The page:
The horror of the following seconds is indescribable. The Sagoth nearest the cave bear, finding his escape blocked, turned and leaped deliberately to an awful death upon the jagged rocks three hundred feet below. Then those giant jaws reached out and gathered in the next there was a sickening sound of crushing bones, and the mangled corpse was dropped over the cliff’s edge. Nor did the mighty beast even pause in his steady advance along the ledge.
Shrieking Sagoths were now leaping madly over the precipice to escape him, and the last I saw he rounded the turn still pursuing the demoralized remnant of the man hunters. For a long time I could hear the horrid roaring of the brute intermingled with the screams and shrieks of his victims, until finally the awful sounds dwindled and disappeared in the distance.
Later I learned from Ghak, who had finally come to his tribesmen and returned with a party to rescue me, that the ryth, as it is called, pursued the Sagoths until it had exterminated the entire band. Ghak was, of course, positive that I had fallen prey to the terrible creature, which, within Pellucidar, is truly the king of beasts.
Not caring to venture back into the canyon, where I might fall prey either to the cave bear or the Sagoths I continued on along the ledge, believing that by following around the mountain I could reach the land of Sari from another direction. But I evidently became confused by the twisting and turning of the canyons and gullies, for I did not come to the land of Sari then, nor for a long time thereafter.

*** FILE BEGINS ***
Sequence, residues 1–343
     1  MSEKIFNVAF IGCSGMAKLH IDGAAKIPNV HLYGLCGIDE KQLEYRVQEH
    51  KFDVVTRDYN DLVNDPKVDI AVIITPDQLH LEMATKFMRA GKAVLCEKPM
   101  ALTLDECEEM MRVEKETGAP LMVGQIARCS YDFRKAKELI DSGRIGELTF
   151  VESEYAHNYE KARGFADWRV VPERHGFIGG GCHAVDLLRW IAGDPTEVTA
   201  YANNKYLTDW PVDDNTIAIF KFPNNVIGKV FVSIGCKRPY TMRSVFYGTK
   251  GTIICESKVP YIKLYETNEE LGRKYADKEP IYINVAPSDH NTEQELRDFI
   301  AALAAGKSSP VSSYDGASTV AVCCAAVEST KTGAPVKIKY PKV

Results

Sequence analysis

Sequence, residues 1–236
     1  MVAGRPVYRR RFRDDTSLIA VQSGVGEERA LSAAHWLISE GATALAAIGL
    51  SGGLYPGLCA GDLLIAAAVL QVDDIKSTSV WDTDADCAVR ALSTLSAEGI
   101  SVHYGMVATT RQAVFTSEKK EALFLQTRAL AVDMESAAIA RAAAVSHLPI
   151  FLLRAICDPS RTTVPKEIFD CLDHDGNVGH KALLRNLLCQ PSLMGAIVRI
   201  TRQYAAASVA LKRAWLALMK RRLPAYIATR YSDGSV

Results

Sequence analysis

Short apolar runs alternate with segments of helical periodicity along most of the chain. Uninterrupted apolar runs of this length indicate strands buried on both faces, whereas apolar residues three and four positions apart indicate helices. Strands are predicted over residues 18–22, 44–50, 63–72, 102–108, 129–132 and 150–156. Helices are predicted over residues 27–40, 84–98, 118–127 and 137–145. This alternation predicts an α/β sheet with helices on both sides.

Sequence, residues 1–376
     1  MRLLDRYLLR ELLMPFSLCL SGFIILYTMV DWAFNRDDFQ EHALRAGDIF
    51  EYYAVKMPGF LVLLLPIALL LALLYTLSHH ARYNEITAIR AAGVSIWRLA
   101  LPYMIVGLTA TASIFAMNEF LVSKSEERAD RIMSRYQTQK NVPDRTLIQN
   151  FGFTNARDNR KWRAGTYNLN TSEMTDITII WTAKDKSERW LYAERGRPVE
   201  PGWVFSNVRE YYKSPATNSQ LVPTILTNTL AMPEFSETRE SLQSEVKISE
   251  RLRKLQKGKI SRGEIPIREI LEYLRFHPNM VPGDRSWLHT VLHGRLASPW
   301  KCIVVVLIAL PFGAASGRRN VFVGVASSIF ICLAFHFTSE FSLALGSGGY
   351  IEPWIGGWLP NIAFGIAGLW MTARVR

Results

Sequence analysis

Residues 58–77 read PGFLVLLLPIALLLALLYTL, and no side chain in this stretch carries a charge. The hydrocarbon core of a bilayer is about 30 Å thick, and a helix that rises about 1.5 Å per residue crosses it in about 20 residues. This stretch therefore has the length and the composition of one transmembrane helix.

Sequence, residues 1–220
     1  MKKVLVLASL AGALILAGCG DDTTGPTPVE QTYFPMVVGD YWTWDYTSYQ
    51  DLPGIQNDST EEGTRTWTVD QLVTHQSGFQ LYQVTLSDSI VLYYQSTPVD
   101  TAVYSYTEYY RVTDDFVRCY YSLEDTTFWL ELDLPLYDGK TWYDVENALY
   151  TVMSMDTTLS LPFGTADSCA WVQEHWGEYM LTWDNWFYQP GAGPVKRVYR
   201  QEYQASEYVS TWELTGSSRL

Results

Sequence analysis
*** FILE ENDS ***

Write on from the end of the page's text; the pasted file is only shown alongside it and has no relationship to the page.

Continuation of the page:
With no heavenly guide, it is little wonder that I became confused and lost in the labyrinthine maze of those mighty hills. What, in reality, I did was to pass entirely through them and come out above the valley upon the farther side. I know that I wandered for a long time, until tired and hungry I came upon a small cave in the face of the limestone formation which had taken the place of the granite farther back.
The cave which took my fancy lay halfway up the precipitous side of a lofty cliff. The way to it was such that I knew no extremely formidable beast could frequent it, nor was it large enough to make a comfortable habitat for any but the smaller mammals or reptiles. Yet it was with the utmost caution that I crawled within its dark interior.
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